How Not to Manage Staff Layoffs

folder_openEmployee Relations, Policies, Wellbeing

It’s more than possible that 2022 will be remembered as ‘The Year of the Mishandled Staff Layoffs’.

April saw the much-publicised sacking of 800 employees from P&O Ferries.  The company wanted to replace them with an agency workforce on significantly reduced employment terms, and in doing so, failed to adhere to even the basic requirements of UK employment law.  Many of the sacked employees only learned of their fate through a pre-recorded video message.

In November, Twitter’s new CEO Elon Musk announced that he would be going through the “difficult process of reducing our workforce”.  Said process involved a series of mass layoffs in which all Twitter employees received an email: to their work account if they were staying in their job, and to their personal account if they weren’t.

As the FT later reported, not only did Twitter grab headlines for “brutality and incompetence”, but embarrassingly, Musk also tried to immediately rehire some of the 3,700 employees he let go, claiming they had been laid off “by mistake”.

A sorry season of cuts

For the tech industry in particular, email layoffs seem to be in vogue. 11,000 employees at Meta – formerly Facebook – also received a ‘sacking email’ in November, following an admission by Mark Zuckerberg that his company had “overinvested at the start of Covid”.

However, the tech industry isn’t the only sector making seismic staff cuts.  A recent article in The Economist notes that some investment banks, property firms, and food manufacturers have also started paring down their workforces, in response to rising costs and uncertain market conditions.

A large company can spend years promoting a cohesive culture and shared values, only to see its reputation trashed in the wake of a badly-handled programme of layoffs.  As the FT article notes, “unexpected job losses, especially if they are handled cruelly, undermine any sense of shared sacrifice among not just the departed but those left behind”.

These are unsettling times for us all

Companies would do well to note that the barest hint of staff layoffs, particularly following a life-changing pandemic and in the midst of a cost-of-living crisis, will be unsettling.  So much so, the subject is a current hot topic of discussion amongst employees, regardless of whether they are directly affected.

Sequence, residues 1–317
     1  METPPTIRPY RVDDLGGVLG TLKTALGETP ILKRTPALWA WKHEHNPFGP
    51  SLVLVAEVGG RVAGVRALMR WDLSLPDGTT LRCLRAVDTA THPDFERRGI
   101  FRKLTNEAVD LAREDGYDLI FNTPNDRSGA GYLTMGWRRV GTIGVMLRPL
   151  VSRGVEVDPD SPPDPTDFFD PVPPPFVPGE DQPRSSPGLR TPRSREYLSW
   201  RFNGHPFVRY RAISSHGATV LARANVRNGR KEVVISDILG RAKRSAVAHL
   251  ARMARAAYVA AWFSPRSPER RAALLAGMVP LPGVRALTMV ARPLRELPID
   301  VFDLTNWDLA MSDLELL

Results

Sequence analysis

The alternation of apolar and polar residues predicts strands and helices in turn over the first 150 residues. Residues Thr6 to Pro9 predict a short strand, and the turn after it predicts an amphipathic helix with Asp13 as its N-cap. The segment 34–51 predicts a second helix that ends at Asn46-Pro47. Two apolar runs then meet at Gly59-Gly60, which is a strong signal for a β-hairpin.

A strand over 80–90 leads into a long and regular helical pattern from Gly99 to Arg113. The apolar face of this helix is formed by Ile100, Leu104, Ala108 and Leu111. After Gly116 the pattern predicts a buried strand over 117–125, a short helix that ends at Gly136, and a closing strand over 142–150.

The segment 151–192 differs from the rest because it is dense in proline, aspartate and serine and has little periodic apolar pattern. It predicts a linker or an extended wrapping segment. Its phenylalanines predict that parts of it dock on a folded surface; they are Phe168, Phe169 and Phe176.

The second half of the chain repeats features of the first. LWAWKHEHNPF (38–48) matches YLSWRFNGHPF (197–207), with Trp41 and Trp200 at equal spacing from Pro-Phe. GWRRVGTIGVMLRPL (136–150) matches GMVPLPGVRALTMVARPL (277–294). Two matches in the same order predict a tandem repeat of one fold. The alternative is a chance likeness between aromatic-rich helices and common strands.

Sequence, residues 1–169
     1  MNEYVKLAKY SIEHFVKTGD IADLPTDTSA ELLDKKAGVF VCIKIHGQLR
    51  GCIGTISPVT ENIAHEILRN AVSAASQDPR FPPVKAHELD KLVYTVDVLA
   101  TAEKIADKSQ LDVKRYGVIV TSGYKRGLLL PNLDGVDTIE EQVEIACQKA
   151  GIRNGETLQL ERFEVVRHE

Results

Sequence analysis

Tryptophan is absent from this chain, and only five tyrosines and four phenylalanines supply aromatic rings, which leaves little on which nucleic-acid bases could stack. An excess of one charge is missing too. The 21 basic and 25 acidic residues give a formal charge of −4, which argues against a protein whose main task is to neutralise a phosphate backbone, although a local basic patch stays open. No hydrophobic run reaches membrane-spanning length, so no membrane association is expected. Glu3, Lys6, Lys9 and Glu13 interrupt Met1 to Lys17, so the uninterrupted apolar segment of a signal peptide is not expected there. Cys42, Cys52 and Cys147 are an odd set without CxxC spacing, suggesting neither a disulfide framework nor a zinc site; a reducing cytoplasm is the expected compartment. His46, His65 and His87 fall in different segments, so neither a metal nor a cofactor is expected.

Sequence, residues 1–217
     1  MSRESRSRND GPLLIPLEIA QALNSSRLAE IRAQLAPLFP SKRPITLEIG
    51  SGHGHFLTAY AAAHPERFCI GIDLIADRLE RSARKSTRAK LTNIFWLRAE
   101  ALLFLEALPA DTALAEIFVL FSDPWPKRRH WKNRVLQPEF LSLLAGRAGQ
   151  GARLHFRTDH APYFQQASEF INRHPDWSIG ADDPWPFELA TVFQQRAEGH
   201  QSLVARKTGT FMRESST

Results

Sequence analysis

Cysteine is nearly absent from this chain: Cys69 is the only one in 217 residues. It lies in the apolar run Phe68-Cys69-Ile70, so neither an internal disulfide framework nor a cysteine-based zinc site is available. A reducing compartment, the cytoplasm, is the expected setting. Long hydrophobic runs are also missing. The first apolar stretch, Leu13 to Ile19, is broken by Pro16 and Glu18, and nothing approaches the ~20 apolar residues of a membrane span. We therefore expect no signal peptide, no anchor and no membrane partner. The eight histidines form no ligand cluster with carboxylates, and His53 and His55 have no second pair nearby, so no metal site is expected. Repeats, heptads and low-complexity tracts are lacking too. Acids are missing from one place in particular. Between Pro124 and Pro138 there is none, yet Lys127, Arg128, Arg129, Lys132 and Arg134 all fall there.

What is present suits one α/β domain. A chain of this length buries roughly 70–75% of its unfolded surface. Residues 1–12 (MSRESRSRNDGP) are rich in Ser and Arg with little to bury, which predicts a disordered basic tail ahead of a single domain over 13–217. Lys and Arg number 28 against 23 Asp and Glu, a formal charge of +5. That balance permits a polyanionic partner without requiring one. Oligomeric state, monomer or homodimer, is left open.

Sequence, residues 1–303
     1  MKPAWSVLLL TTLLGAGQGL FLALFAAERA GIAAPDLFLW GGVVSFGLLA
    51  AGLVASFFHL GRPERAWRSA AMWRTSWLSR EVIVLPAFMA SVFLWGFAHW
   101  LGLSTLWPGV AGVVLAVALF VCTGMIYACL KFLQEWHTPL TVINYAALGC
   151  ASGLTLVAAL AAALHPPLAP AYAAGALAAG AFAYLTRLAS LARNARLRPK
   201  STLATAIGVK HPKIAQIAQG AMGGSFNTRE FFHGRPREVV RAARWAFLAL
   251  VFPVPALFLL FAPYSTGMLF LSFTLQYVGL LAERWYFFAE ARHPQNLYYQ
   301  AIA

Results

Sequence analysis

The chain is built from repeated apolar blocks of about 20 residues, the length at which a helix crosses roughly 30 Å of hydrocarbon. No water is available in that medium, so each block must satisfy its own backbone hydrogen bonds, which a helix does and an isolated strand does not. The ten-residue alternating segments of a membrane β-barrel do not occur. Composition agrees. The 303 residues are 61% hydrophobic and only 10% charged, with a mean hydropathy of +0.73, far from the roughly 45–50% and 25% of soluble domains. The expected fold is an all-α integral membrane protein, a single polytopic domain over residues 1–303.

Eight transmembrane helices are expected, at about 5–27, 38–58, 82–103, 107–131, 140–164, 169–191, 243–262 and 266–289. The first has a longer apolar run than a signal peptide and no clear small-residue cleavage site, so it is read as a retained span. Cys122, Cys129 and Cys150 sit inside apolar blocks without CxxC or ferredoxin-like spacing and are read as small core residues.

In July, a People Management article that reported favourably on the fact that businesses were planning fewer redundancies also cited telling data from Glassdoor, which publishes anonymous employee reviews.  “Talk of layoffs and redundancies has increased by 185% from March to June in employee reviews, indicating that it is top of mind for many individuals”.

How to manage layoffs well

The first, and most important, question companies should ask themselves is: are staff layoffs absolutely necessary?

If they are, care, empathy, and sensitivity must take centre-stage: not only in relation to employees facing the axe, but also to the ‘survivors’.  As The Economist points out, “…the colleagues who are left behind also endure lasting consequences; and for managers, this group is the one that determines success”.

“Managing the fallout is simpler,” the article further notes, “if the employees who are left behind still trust their bosses to get the big things right.”

This will involve a dedicated process of fairness and transparency, with managers taking time to clearly explain the business reasons behind staff layoffs.  They must ensure that those selected have a safe, confidential space to ask questions, whilst reassuring those who remain.  Care must be taken not to reduce staff headcount, only to pile those left behind with unreasonable workloads.

Companies should also try to be as generous as they possibly can.  The FT reported positive examples of companies such as Stripe and Airbnb, which offered substantial severance packages and outplacement support to their departing employees.  This approach highlights that when it comes to managing staff layoffs, “basic decency can reap benefits”.

If you would like to discuss sensitive employee-related issues with an experienced specialist, we at Viridian HR are ready and waiting.

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